"one of the most important tasks of Renaissance philosphy and mathematics was the creation, step by step, of the conditions for a new concept of space. The task was to replace aggregate space by system space ." (Cassirer, Individual and Cosmos p.182) (cf smooth / striated) (cf perspective )Read More
The Judeao-Christian account of creation is an account of the origin of form, not of matter. "In the beginning..the earth was without form, and void."... The passage deals at length with the origin of order.
For Aristotle, the generation of each organism was the result of a male formal cause (conveyed by the semen) and a female material cause (the menstrual blood.)(see epigenesis) cf body / soul.
The "hylomorphic" model separates a form that organizes matter and a matter prepared for the form. Gilbert Simondon bases his critique of the hylomorphic model on "the existence, between form and matter, of a zone of medium and intermediary dimension."
A formalist concept presupposes a contrast between form and matter. Indeed, without this distinction the absolutization of form makes no sense. "When we look upon the work of art, the means and the materials are forgotten and it is satisfying in itself as form." (Gottfried Semper)
In The Life of Forms in Art, Henri Focillon argues against the antithesis of form and matter. For him, art is bound to matter, and "unless and until it actually exists in matter, form is little better than a vista of the mind, a mere speculation on space that has been reduced to geometrical intelligibility." (p95) According to Focillon, "matter, even in its most minute details, is always structure and activity, that is to say, form." (p.96) and each kind of matter has a certain "formal vocation." But the life which inhabits matter undergoes a metamorphosis as it becomes a substance of art, and technique is a "whole poetry of action" as a means to achieve metamorphoses.
Konrad Fiedler described the achievement of classical Greek architecture as the complete intellectualization of all the material elements of building. "We can speak of understanding a Greek building from the great period only when we perceive how the force that strives for a pure expression of form has taken command of every part of the building." ("Observations on Architecture, in Empathy, Form, and Space, p. 134) Still, Fiedler is careful to note that "Form has no existence except in material, and the material, to the mind, is not only the means by which form expresses itself but the medium in which form achieves existence."
For Heinrich Wölfflin, the force of form (Formkraft ), the opposition between the tendency of matter towards formless collapse and the opposing force of will, life, or whatever, sets the entire organic world in motion and is the principle theme of architecture.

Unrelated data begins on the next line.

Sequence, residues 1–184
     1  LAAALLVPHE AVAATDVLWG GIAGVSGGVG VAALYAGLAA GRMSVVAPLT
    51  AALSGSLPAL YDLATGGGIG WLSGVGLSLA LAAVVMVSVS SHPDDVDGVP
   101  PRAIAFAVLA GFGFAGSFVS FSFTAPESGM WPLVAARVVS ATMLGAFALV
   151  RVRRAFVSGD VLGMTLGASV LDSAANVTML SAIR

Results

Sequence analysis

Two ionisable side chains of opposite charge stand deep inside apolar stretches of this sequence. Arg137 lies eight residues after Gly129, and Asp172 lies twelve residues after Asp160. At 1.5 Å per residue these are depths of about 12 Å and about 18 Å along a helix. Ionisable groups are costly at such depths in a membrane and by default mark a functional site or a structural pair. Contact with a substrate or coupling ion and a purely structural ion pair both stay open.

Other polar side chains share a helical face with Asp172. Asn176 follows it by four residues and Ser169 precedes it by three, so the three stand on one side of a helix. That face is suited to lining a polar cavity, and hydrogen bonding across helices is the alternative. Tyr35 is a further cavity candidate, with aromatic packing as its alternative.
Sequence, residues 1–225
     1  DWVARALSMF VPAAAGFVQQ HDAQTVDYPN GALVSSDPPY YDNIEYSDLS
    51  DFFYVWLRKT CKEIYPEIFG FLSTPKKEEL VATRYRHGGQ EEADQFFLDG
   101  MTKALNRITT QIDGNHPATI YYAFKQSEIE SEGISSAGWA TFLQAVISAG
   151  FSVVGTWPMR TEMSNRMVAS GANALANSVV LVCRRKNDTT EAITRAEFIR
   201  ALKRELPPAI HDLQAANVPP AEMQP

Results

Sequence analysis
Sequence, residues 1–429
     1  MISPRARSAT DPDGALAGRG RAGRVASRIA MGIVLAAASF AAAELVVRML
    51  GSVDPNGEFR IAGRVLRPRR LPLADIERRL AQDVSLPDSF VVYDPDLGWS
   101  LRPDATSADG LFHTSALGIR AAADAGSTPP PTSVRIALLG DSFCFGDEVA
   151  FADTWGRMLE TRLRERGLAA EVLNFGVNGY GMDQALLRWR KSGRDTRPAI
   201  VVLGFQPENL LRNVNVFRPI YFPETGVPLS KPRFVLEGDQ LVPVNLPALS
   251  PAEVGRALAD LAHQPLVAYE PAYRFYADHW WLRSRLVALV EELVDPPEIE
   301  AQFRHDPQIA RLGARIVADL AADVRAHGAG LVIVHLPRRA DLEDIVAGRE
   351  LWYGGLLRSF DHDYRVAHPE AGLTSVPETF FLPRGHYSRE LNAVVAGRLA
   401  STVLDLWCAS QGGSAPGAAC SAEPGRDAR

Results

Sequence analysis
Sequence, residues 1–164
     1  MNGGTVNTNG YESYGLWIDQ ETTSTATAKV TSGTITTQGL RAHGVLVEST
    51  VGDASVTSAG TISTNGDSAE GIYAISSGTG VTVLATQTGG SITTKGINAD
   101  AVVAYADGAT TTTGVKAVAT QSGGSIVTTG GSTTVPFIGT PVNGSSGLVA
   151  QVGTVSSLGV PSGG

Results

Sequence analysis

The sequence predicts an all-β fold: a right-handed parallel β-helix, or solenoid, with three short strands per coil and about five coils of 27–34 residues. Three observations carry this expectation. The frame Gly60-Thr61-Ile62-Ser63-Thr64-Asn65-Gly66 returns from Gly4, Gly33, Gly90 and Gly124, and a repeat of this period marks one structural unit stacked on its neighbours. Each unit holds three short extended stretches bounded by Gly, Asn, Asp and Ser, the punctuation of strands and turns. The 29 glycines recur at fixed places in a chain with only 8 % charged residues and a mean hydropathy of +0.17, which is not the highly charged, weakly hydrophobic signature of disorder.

For Ferdinand de Saussure, "language is a form and not a substance." (Cours, p.169)
For Deleuze and Guattari, the distinction between matter and form is characteristic of "Royal Science", the science of a society divided into governors and governed. For nomad science the relevant distinction is material-forces rather than matter-form. Materials for nomad science are not homogenous, and form is not fixed. The singularities or haecceities are already like implicit forms that are topological rather than geometrical, and that combine with the processes of deformation: for example the variable undulations and torsions of the fibers guiding the operation of splitting wood. "energetic materiality in movement" (see Thousand Plateaus, p 408)
(see transcendent / immanent) (see also natural form)
As a conceptual framework, Hypertext provides a specific means of configuring issues sourrounding the confrontation of cyberspace and the city. It does so by embracing the advent of the electronic realm and the proliferation of networked links while at the same time interpreting these technological transformations as part of the project of writing. More specifically, studies of hypertext have focussed on the history of writing as technology, on the potential for hypertext to change the relationships between reading and writing, to alter the demarcations between the inside and outside of the text, and to change the nature and role of narrative. For its proponents, hypertext is the mode of writing that articulates the sociality of the network, that promises democratization and the empowerment of the individual, and that rearticulates themes that writing and the city have been seen to share: in the construction of memory, in the relation between movement and the subject, and in the production of space through abstraction and narrative.Read More
In the early phase of antique art, the pyramid's clearly recognizable and completely detached exterior form, with its suppression of interior space and entry, serves to illustrate the desire to suppress space. Even when space was more practically necessary than in the tomb, the Egyptians were artistically reluctant to create it. Even vast spaces, such as Karnak, were filled with individual columns, and openings in the exterior walls were kept to the barest minimum.Read More